Not the time for Brad Wall to play western alienation card


Saskatchewan Premier Brad Wall stoked the fires of western alienation when he suggested this week that equalization dollars should be sent to Ontario and Quebec in a pipeline.

Make no mistake, these comments struck a deep chord in the west. After all, the western Canadian identity was forged in the concept of western alienation – the idea that Canada’s four western provinces have been excluded from the affairs of mainstream Canadian politics to the benefit of Ontario and Quebec.

Wall’s argument hits the mark on so many points.

First, he was right to remind us that western Canadian provinces should not rush to take economic advice from jurisdictions like Ontario and Quebec, which have not found a way themselves to maintain global competitiveness while occupying the moral high ground. More appreciation of the west’s contribution and less moralizing would be a welcome change.

Second, Ontario and Quebec (and, for that matter, British Columbia) should not be hijacking the federation by placing conditions on the development of oil sands and pipelines. Natural resources are squarely within provincial jurisdiction and the production and transportation of such goods should not be derailed by those seeking economic concessions (or more wealth transfer). Accepting this highway robbery could literally destroy Canada as a trading nation.

Third, provinces do not have the constitutional authority to stop pipelines. The decision is fully within the federal government’s purview. However, as Wall knows, politics matter (especially with a federal election approaching). It was politics that allowed Wall to prevent the BHP Billiton takeover of the Potash Corporation of Saskatchewan in 2010. In fairness, Wall acknowledged that this was a federal decision and at no point suggested Saskatchewan would not comply with the decision if it had gone against him.

It is easy for Wall – a true statesman with a deft populist touch – to stoke the fires of western alienation at a time when western Canadian economic interests seem to be under siege by central Canada. However, it would be wrong to suggest that western Canada’s interests will not be well–served by thoughtful action to address climate change.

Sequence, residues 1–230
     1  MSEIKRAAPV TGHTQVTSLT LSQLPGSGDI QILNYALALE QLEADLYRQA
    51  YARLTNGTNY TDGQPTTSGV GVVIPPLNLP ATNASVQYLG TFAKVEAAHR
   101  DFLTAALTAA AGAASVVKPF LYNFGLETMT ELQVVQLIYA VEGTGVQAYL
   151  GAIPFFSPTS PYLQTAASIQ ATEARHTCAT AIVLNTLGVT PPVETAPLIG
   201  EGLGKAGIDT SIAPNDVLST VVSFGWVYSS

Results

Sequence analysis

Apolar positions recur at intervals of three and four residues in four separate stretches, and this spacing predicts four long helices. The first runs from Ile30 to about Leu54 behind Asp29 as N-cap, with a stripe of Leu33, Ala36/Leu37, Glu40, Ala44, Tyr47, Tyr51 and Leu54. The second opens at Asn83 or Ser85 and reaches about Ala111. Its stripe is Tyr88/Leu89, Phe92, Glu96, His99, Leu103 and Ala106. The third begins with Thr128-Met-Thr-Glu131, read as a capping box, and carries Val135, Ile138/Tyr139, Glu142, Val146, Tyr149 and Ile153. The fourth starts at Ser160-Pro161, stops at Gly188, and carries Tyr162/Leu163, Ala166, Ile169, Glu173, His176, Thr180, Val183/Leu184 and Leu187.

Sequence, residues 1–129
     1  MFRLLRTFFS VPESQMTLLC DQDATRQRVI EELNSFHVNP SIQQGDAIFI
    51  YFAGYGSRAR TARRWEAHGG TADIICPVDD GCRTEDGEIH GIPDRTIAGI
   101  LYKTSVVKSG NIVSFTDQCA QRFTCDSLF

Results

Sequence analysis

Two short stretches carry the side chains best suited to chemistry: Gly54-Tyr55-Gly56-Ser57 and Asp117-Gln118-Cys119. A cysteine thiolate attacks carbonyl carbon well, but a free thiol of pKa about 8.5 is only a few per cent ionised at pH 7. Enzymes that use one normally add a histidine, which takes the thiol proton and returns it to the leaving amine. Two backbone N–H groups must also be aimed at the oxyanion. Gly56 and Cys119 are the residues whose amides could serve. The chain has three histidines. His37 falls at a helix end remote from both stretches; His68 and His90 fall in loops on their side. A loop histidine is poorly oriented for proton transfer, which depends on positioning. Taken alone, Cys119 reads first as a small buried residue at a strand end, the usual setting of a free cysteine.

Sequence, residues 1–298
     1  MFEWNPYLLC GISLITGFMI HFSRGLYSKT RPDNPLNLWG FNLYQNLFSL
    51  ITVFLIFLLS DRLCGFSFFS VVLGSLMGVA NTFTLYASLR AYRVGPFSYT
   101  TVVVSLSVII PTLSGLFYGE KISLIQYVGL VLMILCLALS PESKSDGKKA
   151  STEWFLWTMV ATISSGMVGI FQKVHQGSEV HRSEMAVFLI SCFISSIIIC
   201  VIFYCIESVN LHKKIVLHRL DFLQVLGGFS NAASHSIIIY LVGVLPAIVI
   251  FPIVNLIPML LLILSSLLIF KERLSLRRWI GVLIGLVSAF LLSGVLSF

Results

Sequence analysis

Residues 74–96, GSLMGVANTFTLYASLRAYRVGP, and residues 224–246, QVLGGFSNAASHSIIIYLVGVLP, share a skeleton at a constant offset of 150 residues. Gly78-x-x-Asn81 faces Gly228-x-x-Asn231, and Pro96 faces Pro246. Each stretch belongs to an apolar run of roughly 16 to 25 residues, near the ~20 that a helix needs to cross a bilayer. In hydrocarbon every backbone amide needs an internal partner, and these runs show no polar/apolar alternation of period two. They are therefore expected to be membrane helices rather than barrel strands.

The story is now well understood. Oil producers in western Canada lack meaningful access to global markets. They are forced to sell into the North American market at a significant discount to global prices. This reduces investment, royalties and taxes that would provide public goods, like education and healthcare to all Canadians.

The desire to block access is motivated, in large part, by the belief that Canada has been inactive on climate change. Yes, Alberta and Saskatchewan have taken some steps to address climate change. Yes, they have focused on technological solutions like carbon capture and storage (which could be used in countries like China and India where the real global emissions battle will be waged). But, in a Canadian context, Alberta and Saskatchewan account for nearly half of GHG emissions – and each province has a responsibility to do more.

But, let’s not fall into the trap of this being a zero-sum game. Pricing carbon in western Canada does not need to result in a large wealth transfer to central Canada. This is part of the benefit of provinces developing their own systems – as opposed to Ottawa imposing a one-size-fits-all system. A well-designed system can also protect trade exposed industries and make sure we are not simply exporting emissions to jurisdictions with less stringent (or non–existent) environmental policies. And, yes, an agreement between provinces on climate may clear the political barriers that are halting pipelines.

As our premiers seek agreement on a path forward on energy and the environment in St. John’s this week, they would do well to remember that the interests of Canadians are aligned on this issue. There is a time to stoke the fires of western alienation. This is not it.

Now is the time to demonstrate that provinces are capable of working together to advance Canadian interests. If provinces want to lead, they should do so.

Trevor McLeod is the Director of the Centre for Natural Resources Policy at the Canada West Foundation. His column is distributed through Troy Media.

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